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Network World - U.S. federal government officials are confident they will meet a June 30 deadline to support IPv6 on their backbone networks, but they see challenges ahead in moving their production networks to this long-anticipated upgrade to the Internet's main communications protocol.
Challenges cited by federal IPv6 leaders include the lack of IPv6-enabled security devices and software applications available in the commercial marketplace, as well as budgetary constraints and training hurdles.
IPv6 represents a major upgrade to the Internet. It replaces the current version of the Internet Protocol, known as IPv4, with a new and improved version that features vastly more IP addresses along with built-in security and network management enhancements. The Internet Engineering Task Force, the Internet's premier standards-setting body, created IPv6 in 1995.
The Office of Management and Budget (OMB) issued a requirement in 2005 that all U.S. federal agencies must be capable of passing IPv6 packets on their backbone networks by June 30, 2008.
Karen Evans, OMB administrator for E-Government and Information Technology, said in March that she expects agencies to meet the June 30 deadline. She wouldn't comment on penalties an agency would face if it missed the deadline.
Evans is encouraging federal agencies to continue working toward production-level IPv6 deployments despite the challenges they have expressed meeting the June deadline.
"We want agencies to take advantage of the business opportunities afforded to their missions with the implementation of IPv6," Evans said in a statement. "We feel it is important for agencies to modernize their network infrastructure to support emerging IPv6 applications and technologies and to minimize the risk associated with the products [that] are already IPv6 enabled."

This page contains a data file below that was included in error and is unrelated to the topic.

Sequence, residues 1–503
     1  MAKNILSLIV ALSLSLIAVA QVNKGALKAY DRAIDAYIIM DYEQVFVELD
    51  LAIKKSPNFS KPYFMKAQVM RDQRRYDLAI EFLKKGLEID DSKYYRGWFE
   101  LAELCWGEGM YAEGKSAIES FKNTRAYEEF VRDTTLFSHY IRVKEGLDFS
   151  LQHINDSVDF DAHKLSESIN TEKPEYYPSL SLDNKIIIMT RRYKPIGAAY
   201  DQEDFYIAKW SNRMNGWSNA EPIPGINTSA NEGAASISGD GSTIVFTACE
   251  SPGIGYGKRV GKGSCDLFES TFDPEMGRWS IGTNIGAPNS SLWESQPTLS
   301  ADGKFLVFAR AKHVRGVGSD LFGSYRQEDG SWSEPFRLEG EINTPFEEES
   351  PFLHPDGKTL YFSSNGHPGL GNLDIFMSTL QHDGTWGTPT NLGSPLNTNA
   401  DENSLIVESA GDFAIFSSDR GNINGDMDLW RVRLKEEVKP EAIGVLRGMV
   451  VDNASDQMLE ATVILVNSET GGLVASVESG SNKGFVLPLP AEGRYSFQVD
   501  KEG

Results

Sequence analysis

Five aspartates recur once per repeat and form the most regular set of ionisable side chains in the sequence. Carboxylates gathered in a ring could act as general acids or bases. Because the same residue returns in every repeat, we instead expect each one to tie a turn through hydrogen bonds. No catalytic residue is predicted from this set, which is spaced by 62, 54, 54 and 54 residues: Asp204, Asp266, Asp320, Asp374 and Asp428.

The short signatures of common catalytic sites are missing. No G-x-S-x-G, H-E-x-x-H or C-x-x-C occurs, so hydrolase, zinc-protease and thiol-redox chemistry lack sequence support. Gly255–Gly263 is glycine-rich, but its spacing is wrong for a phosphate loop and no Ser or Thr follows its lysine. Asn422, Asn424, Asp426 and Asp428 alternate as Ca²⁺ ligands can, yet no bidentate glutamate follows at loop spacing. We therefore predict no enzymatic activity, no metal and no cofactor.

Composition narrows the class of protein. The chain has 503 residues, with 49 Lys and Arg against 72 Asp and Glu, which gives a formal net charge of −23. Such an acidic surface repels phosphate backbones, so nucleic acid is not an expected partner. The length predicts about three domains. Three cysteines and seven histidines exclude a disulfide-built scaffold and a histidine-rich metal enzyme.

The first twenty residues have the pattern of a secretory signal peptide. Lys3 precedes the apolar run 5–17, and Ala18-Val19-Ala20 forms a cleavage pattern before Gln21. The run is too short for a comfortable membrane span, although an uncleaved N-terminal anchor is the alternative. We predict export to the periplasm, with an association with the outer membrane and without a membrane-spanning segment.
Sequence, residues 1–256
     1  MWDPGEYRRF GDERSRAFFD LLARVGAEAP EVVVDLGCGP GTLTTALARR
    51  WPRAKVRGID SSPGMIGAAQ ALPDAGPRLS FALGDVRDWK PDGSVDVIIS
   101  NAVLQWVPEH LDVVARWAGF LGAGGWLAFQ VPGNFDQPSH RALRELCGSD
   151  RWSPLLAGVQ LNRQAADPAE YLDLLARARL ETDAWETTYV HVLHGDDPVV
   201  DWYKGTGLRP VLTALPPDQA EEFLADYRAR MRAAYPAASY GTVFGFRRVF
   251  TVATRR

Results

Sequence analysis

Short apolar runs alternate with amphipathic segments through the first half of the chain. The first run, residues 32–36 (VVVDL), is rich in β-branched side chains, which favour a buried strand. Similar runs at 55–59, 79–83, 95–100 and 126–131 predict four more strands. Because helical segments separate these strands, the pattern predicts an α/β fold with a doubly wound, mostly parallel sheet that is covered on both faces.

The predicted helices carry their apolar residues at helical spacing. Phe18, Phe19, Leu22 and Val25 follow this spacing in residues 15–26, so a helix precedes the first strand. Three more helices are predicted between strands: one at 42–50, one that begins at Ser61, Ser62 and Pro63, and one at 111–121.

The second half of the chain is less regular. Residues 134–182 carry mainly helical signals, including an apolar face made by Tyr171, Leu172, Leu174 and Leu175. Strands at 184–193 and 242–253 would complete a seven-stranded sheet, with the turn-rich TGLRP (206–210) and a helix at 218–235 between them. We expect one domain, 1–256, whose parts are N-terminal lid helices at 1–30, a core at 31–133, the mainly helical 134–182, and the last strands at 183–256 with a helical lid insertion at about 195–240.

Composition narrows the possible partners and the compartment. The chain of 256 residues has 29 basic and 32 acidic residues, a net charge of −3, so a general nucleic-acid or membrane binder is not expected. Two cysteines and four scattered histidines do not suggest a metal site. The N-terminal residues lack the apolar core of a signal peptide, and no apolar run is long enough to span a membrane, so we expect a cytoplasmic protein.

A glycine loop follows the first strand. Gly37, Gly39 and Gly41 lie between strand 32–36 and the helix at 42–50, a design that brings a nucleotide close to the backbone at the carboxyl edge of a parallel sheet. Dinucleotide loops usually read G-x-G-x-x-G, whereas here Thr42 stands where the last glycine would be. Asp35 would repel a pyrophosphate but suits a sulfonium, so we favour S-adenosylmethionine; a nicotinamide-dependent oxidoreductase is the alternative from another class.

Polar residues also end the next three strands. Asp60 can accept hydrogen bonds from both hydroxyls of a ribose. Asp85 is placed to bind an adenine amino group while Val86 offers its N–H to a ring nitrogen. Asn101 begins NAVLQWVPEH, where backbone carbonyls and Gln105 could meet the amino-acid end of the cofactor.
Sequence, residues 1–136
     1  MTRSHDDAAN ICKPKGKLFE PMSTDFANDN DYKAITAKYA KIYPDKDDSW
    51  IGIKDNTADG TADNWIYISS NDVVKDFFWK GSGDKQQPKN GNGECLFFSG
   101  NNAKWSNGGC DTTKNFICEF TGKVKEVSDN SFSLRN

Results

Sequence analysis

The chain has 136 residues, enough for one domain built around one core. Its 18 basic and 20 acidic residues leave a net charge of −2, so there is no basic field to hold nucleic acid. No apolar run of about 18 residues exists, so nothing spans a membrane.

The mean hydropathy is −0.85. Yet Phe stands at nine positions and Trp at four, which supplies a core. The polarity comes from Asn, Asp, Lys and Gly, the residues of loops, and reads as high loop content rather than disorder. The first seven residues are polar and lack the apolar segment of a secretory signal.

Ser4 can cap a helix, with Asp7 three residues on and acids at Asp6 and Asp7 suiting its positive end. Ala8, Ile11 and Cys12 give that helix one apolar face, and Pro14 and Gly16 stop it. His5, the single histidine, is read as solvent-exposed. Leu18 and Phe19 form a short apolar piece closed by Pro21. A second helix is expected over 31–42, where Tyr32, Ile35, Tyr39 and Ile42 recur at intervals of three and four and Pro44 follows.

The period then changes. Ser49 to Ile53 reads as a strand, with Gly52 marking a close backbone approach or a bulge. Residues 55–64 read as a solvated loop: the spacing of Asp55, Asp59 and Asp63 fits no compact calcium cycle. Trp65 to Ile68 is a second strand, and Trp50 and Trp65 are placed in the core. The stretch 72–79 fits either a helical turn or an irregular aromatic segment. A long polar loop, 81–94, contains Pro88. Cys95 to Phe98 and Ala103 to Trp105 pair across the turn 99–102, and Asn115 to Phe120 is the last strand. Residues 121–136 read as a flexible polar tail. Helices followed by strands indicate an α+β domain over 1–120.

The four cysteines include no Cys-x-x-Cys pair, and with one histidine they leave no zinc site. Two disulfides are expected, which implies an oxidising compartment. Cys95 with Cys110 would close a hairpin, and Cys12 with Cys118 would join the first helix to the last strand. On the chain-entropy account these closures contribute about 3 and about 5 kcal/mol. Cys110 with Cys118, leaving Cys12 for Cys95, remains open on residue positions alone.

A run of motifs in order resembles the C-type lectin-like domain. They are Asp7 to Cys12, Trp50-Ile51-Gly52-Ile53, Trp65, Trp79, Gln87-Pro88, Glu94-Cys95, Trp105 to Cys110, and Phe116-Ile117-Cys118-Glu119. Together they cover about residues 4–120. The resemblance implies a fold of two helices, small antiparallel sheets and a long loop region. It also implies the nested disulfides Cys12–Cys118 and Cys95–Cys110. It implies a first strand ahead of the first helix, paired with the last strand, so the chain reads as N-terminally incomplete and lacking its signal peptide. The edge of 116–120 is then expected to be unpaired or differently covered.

Pete Tseronis, chairperson of the Federal CIO Council's IPv6 Working Group, says OMB's June 30 IPv6 deadline is more of a recommendation than a mandate.
"We don’t like the term mandate," Tseronis says. "It's what agencies should be doing as part of their tech refresh anyway. The federal government took an initiative by way of OMB to rally support for IPv6 and to get all the federal agencies engaged in the discussion about IPv6. June 30 is the first real milestone of what we hope will be a successful deployment of IPv6."
Agencies are required to submit quarterly reports to OMB that include their IPv6 progress. "To date, there have been no agencies that appear to be saying: We will not be meeting the June deadline," Tseronis says.
Meeting the OMB requirements for IPv6 is a pass/fail process. Among the agencies that have already achieved compliance with OMB's IPv6 requirements are the Internal Revenue Service, Department of Education and the Social Security Administration, Tseronis says.
"I'm very optimistic" that most federal agencies will meet OMB's IPv6 deadline, Tseronis says. "Are people going to do it at the 11th hour and stay up all night? Possibly."
The Department of Defense is working under a similar deadline to migrate to IPv6. The department issued a memorandum in 2003 outlining a five-year transition to IPv6. By September 2008, the department has vowed to have all of its core networks able to process IPv6 traffic.